Presentation on theme: "ECONOMIC DECISION MAKING IS PRETTY SIMPLE BECAUSE IT ONLY INVOLVES A FEW TERMS AND RULES. IN FACT, YOU PROBABLY ALREADY THINK ABOUT MANY PROBLEMS IN THE."— Presentation transcript:
ECONOMIC DECISION MAKING IS PRETTY SIMPLE BECAUSE IT ONLY INVOLVES A FEW TERMS AND RULES. IN FACT, YOU PROBABLY ALREADY THINK ABOUT MANY PROBLEMS IN THE SAME WAY THAT ECONOMISTS DO. Making Economic Decisions
Trade-Offs Scarcity forces people to make choices about how they will use their resources Most economic decisions are made with common sense and careful analysis In economic choices, people exchange one good or service for another The trade-off is the alternative you face if you decide to do one thing rather than another Example: If you decide to buy $100 jeans, then your trade-off is the $100
Opportunity Cost The cost of the next best use of your time and money when you choose to do one thing over another Includes more than just money also takes into accounts all the possible discomforts and inconveniences linked to the choice made The opportunity cost of any action is the value of what is given up because the choice was made The opportunity cost is generated from the next highest ranked alternative, not all alternatives
For example: Suppose Congress votes to spend $2 billion for projects to clean up polluted rivers. The opportunity cost of the vote is the next best alternative use of those same tax dollars. Congress could have used the money for increased funding on space research. In this example, the opportunity cost of cleaning up polluted rivers is less funding for the space program. Being aware of trade-offs and opportunity costs is important in making economic decisions: you will make wiser use of your own resources if you are aware of the opportunity costs and trade-offs.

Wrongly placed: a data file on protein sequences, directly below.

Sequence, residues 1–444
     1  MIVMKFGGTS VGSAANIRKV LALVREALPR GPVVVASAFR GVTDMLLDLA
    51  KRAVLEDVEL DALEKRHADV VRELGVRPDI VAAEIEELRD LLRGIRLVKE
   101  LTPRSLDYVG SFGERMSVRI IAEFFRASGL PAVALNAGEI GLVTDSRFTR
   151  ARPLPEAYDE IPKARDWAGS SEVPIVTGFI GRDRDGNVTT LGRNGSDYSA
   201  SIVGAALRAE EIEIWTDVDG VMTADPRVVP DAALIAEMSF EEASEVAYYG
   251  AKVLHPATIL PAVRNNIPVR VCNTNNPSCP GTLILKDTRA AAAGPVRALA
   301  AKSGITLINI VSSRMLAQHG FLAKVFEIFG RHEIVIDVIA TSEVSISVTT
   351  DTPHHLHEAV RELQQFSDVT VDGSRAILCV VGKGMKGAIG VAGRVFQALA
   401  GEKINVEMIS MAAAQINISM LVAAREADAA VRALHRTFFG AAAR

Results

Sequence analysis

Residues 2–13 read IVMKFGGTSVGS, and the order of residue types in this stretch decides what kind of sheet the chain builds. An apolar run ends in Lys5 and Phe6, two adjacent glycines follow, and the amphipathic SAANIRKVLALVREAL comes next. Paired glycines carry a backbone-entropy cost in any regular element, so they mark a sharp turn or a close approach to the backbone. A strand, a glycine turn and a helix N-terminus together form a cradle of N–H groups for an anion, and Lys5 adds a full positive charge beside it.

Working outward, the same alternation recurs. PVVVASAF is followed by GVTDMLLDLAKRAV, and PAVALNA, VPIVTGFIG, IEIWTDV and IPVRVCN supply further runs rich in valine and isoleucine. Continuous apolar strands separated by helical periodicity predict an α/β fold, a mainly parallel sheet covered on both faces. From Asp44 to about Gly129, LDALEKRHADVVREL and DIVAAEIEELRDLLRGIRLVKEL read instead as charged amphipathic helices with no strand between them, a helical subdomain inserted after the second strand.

Other Measures of Cost Fixed Costs- expenses that are the same no matter how many units of a good that are produced Examples: mortgage payments and property taxes Variable costs-expenses that change with the number of units of a good that is produced Examples: wages and materials -these expenses increase as production is increased or decrease as production is decreased
Total costs- the addition of the variable and fixed costs together -many businesses focus on the average total cost -to arrive at the average total cost, divide the total cost by the quantity produced Marginal costs- the extra cost of producing one additional unit of output Example: if it cost $2000 to produce 50 items and $2050 to produce 51 items, the marginal cost is $50
Measures of Revenue Businesses use two key measures to decide what output will produce the greatest profit Total revenue- the number of units sold multiplied by the average price per unit Example: 50 units sold at $40 each= $2000 total revenue Marginal Revenue- the change in total revenue for selling one more unit of output Marginal Benefit- the additional or extra benefit associated with an action
Cost Benefit Analysis Model that is create by economists to compare marginal costs and marginal benefits of a decision Rational economic decision making tells us to choose an action when the benefits are greater than the costs If the costs outweigh the benefits, then the chosen option should be rejected Example: If you produce something that costs $10 and you cannot sell the item for $10, then there is no benefit
Using Cost Benefit Analysis Look at the graph on page 413 of your online textbook Suppose you are a farmer trying to decide how much of your 25 acres to plant. Assume the marginal cost of planting and harvesting are the same for all 25 acres (the horizontal line on the graph). Let’s assume that some of the land is better than other. As a result, the size of the harvest that you can expect from each acre goes down as the number increases, as you plant the most fertile land first. As more is planted, the less fertile land must be used. The downward-sloping line would represent the diminishing marginal benefits.
The graph makes it easy to see how much land you should plant. Clearly, you should plant the first 5 acres because the marginal cost is low when compared to the benefits to be gained. It would make sense to plant up to 15 acres because to that point the marginal benefit is greater than the marginal cost. You would not want to plant more than 15 acres because the extra cost is greater than the benefit.